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The Baltimore Ceasefire group had just completed the “sacred space ritual” at the city’s most recent homicide scene at the Perkins Homes housing project in East Baltimore on Saturday. Some bits of sage continued to smolder on the concrete as people walked to their cars and others walked home.

Before Erricka Bridgeford headed to the next event for the Ceasefire movement’s anti-violence weekend, a young boy asked her about why the group had gathered there. She told him about the ritual, which she later explained the group does for all homicide victims and aims to “put love in the space where murder happened."

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The boy then told her how his aunt was one of the two people shot in Mason Court on Friday evening. The man who was killed, he said, “jumped in front of my sister. My aunt was shot,” he told her with tears in his eyes. He said his sister is just 14 years old.

“Can I give you a hug?” Bridgeford asked, before drawing him close and embracing him.

The Ceasefire movement, which started under Bridgeford, continues to try to bring peace to Baltimore. Four times a year, organizers host events across the city to discourage violence. Although Ceasefire weekends have shown to correlate to an average 52% reduction in violence in past weekends, Bridgeford said the weekend was difficult after three people were killed and four others were injured in shootings Friday and early Saturday.

Police had not identified any of the victims or provided information about motives Saturday morning.

Bridgeford said that’s the most organizers have seen in one day since the movement began in 2017. But she and others participating in events across the city Saturday appeared undeterred.

“We’re going to keep trying. We haven’t given up and we haven’t lost hope,” said Paul Shelton, who attended another Ceasefire event led by his church, Blessed Sacrament Church in North Baltimore.

He and several other dozen people from Blessed Sacrament and nearby St. Matthew Catholic Church stood along the 4300 block of York Road on Saturday morning holding Ceasefire signs, garnering supportive honks and waves from drivers as they drove past. The group chose to gather in the block where three men were fatally shot and another injured in a shooting on Dec. 30.

When the traffic light turned red, some from the group walked up to cars, passing out Ceasefire flyers and encouraging drivers to spread peace. Shelton, a deacon at Blessed Sacrament, called out to the crowd for another round of chants: “No guns, more peace.”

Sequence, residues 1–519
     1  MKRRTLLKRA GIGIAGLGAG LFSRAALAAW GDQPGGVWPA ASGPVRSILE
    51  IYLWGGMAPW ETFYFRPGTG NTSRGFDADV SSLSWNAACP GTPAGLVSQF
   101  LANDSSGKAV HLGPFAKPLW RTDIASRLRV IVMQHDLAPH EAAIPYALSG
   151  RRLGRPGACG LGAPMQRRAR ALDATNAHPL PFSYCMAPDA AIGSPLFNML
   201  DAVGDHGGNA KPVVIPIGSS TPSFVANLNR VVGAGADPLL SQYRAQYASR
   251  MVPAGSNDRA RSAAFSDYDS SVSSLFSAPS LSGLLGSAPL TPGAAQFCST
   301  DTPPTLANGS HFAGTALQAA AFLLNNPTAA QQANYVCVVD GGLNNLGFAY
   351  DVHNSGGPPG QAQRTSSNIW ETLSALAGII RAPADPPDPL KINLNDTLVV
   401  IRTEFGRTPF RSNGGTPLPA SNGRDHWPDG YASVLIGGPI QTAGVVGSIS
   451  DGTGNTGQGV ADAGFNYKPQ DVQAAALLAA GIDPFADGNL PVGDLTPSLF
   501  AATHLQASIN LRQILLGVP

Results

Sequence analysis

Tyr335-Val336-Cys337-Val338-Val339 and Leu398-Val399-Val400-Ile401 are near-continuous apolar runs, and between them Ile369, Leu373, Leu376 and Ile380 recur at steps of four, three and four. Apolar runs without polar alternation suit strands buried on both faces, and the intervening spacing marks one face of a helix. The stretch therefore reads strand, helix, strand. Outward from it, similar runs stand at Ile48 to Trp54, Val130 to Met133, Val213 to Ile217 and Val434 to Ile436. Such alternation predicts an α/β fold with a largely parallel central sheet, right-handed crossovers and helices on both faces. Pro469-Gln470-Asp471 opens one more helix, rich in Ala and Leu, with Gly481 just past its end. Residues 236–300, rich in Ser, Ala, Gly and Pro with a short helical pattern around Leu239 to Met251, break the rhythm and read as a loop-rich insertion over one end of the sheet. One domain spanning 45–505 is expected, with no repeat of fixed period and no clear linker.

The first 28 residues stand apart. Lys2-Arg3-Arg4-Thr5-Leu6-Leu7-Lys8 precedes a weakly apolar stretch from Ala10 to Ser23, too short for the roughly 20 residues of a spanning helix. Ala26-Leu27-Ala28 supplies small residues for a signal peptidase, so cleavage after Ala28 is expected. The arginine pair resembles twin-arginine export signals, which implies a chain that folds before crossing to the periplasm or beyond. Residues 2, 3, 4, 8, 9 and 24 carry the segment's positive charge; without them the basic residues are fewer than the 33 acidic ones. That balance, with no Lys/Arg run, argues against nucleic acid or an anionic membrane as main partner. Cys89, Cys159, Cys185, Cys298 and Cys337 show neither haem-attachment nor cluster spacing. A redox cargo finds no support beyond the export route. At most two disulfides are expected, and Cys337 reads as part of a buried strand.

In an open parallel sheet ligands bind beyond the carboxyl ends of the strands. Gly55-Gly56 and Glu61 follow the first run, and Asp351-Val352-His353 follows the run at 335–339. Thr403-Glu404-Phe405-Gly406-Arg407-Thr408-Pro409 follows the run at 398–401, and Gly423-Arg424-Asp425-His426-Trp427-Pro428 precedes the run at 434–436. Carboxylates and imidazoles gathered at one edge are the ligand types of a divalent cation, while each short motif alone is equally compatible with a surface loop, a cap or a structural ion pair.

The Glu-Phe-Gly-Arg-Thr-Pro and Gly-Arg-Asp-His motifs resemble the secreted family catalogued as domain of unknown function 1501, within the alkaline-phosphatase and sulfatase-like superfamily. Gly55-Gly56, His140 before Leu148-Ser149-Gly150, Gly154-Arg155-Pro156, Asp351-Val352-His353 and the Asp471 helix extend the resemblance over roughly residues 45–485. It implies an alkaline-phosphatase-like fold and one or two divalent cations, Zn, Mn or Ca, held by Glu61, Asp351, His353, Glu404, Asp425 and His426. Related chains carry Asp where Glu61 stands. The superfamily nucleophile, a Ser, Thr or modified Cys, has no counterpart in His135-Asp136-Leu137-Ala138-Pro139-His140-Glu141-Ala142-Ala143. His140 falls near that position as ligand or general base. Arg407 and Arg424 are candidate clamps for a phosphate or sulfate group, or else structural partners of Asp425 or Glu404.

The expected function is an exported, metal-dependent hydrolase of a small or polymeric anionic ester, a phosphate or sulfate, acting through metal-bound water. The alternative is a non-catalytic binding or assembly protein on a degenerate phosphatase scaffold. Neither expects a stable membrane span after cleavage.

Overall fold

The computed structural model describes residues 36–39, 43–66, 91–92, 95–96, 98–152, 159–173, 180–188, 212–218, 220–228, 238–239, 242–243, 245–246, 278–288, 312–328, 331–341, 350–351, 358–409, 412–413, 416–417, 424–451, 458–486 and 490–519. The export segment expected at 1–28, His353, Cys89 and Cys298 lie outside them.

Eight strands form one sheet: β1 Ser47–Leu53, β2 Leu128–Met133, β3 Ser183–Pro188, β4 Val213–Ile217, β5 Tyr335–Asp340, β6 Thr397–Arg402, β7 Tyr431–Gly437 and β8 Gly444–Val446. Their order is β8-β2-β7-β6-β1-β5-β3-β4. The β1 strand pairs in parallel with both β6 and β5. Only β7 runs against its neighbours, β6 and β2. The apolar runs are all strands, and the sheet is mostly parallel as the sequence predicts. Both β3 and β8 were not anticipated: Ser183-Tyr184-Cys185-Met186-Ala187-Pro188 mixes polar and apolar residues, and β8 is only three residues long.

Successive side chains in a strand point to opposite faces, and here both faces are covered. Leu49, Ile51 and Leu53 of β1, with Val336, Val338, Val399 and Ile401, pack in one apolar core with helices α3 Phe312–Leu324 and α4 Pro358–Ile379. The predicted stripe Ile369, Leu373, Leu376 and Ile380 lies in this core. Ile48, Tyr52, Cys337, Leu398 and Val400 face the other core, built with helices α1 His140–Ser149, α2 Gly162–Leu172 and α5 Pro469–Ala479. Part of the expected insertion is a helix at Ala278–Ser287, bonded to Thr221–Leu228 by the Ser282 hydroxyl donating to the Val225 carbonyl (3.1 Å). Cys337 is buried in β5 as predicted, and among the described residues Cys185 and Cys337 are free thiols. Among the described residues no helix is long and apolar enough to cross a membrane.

On the opposite side of the street was Patrick O’Connor, president of the parish council. He said he joined the peace rally because he felt he had to do something to address the violence in his home city.

“People are tired of the murders,” said O’Connor, an Ednor Gardens resident. “We have to do something.”

Itaria Buonriposi, a nun at St. Matthew who organized the peace rally, said the weekend events are a way for residents to make a stand against violence and offer hope.

“We’re not the police,” she said. “But we can do what we know. As children of God, we can celebrate life,” she said. The Ceasefire movement, she said, “is an affirmation of life.”

For Bridgeford, she sees the movement as a way to respond to the violence and ensuing trauma.

“When Baltimore is in pain, we’re here,” she said. “Our goal is to respond.”

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She said that months ago a young woman who had been shot reached out to her, asking her how she could get involved as a way to help her process her trauma. Bridgeford said months went by, and she didn’t hear from the woman. But when she arrived to Perkins Homes on Saturday morning for the ritual, she saw smoke from burning sage. The same woman who had reached out to her before but wasn’t ready to return to shooting scenes was there, leading the ritual.

“She found her strength,” Bridgeford said.

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